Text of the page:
Stories / February 2019

Putting the 'street' back into streetstyle

Photographer Charles-Edouard Woisselin brought together the menswear industry’s finest at Pitti this year to get under the skin of ‘streetstyle’.

From left to right:Shaun Gordon (@shaungordontiemaker); Shuhei Nishiguchi (@shuhei_nishiguchi); Daniele Biagioli (@_____db_____); Guillaume Bo (@gui_bo); Franco Mazzetti (@franz_1955); Tomoyoshi Takada (@tomoyoshi_takada); Serizawa Ryosuke (serizawa_ryosuke); Filippo Matera (@filippomatera).
At Pitti Uomo in January this year, photographer Charles-Edouard Woisselin ( dgephoto.com  @desgensenphoto) got to thinking about streetstyle. This genre of photography, which has become increasingly popular with the advent of social media,  is nothing new. In fact, some of the earliest recorded photographs ever taken could feasibly be described as 'streetstyle' given that they documented people literally on the street. As far back as the early 19th century, the likes of Louis-Jacques-Mandé Daguerre, John Thomson and Charles Nègre were documenting people in the street, although admittedly not with the eyes of the late Bill Cunningham.  But with the modern proliferation of the camera, and the obsessive nature with which people consume social media, streetstyle photography has become an important medium for stylistic inspiration, as evidenced by the now much maligned 'influencer'. The early days of instagram, before its mass commercialisation, did indeed allow for the genuinely stylish to showcase their taste, making it a fantastically diverse compendium of styling ideas, if you knew where to look. Today, it has become something of an echo chamber for the gloriously self-infatuated, and when you throw in brand endorsements, paid posts and gifting, it soon becomes clear that true style, the subject of Charles-Edouard Woisselin's photographic project in Pitti, is a scarce commodity...
"I've been thinking a lot lately about Street Style during fashion events and fairs, Pitti Uomo in particular. To me there is no doubt that street style changed the industry, the way we see clothes and in the case of Pitti Uomo, the way we perceive elegance. But although pictures and photographers have evolved, street style during Pitti Uomo is still pretty basic. You have your picture taken at the entrance, then inside the Fortezza da Basso, and then sometimes on your way out, maybe in a street adjacent to the fair. That's pretty much it. As more and more people come to the fair - both attendants and photographers - it's getting harder and harder to get those clean pictures. And so, my frustration with street style grew. I began thinking about the absurdity around Pitti Uomo and the fact that we are in a city that is undoubtedly one of the most remarkable in Europe, and probably the world, and yet have very few street style pictures in that city. I wanted to show that. I wanted to put back the street in street style."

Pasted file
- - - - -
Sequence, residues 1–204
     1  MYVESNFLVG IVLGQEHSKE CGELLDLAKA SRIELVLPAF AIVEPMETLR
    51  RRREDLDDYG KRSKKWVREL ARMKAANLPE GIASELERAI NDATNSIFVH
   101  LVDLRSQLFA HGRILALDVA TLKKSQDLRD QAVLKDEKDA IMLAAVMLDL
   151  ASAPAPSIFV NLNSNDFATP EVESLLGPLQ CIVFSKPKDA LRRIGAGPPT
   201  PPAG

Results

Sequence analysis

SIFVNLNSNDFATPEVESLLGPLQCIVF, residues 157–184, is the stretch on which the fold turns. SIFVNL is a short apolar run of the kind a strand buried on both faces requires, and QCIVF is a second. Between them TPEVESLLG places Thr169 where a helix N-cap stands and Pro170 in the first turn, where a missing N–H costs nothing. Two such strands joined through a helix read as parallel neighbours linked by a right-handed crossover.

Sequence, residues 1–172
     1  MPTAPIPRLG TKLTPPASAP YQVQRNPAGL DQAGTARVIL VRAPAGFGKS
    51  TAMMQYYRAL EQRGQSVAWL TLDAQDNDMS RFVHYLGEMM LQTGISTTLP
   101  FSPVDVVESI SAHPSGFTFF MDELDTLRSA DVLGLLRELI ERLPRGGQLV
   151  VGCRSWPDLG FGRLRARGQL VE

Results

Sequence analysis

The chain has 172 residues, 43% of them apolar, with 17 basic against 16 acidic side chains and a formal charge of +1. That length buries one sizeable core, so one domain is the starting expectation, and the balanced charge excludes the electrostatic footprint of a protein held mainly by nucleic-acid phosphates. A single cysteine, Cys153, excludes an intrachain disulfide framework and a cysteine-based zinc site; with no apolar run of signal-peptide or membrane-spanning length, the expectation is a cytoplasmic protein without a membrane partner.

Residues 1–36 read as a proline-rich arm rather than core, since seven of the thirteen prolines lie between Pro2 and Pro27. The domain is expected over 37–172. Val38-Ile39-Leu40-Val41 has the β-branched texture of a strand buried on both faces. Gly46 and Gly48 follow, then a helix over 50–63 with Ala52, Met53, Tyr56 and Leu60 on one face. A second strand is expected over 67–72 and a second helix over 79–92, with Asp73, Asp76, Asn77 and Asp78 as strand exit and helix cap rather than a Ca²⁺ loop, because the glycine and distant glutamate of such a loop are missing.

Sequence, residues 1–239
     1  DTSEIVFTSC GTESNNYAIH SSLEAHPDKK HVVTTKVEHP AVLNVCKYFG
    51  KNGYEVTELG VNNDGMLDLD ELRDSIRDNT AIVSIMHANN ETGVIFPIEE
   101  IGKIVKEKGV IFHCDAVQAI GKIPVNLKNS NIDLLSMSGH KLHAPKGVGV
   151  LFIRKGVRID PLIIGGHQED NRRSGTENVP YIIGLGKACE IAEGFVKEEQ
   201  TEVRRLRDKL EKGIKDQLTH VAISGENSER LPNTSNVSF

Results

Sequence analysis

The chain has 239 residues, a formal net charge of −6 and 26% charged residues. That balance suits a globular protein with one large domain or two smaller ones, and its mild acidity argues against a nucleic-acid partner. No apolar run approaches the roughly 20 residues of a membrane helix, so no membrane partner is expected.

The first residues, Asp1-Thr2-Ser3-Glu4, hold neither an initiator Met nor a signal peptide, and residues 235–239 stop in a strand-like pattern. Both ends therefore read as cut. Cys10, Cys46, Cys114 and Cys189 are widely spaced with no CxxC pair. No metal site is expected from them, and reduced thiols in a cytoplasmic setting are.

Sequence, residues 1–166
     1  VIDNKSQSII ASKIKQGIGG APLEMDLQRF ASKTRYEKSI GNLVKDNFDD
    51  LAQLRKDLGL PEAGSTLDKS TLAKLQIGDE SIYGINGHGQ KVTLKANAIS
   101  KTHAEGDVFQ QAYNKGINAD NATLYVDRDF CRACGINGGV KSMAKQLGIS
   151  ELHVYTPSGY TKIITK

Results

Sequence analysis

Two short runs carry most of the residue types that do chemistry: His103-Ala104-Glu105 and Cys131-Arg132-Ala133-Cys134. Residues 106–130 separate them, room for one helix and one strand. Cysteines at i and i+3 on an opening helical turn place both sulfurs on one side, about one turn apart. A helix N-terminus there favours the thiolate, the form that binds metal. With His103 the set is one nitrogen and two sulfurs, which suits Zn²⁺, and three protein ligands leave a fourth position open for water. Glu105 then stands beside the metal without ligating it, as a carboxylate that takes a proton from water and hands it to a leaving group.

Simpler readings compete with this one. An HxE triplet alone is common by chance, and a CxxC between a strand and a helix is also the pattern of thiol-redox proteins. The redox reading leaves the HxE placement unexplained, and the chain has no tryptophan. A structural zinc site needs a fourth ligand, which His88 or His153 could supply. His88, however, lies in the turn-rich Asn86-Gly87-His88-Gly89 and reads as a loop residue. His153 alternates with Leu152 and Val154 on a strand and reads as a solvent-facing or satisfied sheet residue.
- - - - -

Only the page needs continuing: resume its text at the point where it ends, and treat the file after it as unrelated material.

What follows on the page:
"So I began reaching out to the gentlemen I like most, those who I feel have a natural way of dressing elegantly. Together with my friend and fellow French citizen, Guillaume Bo (@gui_bo), a very elegant man himself (pictured above in the navy suit),  we began asking the guys whom we thought were the most elegant, most interesting and representative of timeless sophistication. These guys are the essence of what Pitti Uomo can be: a coming together of the best-dressed men in the world. Style is the unifying force between them."
"Then of course there is the city of Florence. For that rendez-vous, we decided to meet near the Ponte Vecchio at 8am. The date and hour were decided a long time in advance so no one could have foreseen that the fog would be that thick on the Wednesday morning. After wandering in little typical streets, we ended up on the Piazza della Signoria where we shared the place with the Davide and some tourists. After that we went to have a drink at the Wine & Art Hotel near the Duomo and enjoyed the fog from upstairs. There we shared a cigar and discussed the state of style in the world. I like to believe that my inspiration draws mainly from cinema. To me, that setting was just a dream come true. I believed then and still strongly believe that style deserves a different perspective. I understand that taking pictures inside the Fortezza is the essence of our jobs, I still do them myself. But I think that it's a shame not to be able to enjoy the beautiful city of Florence more than that."

Contributor

Ryan Thompson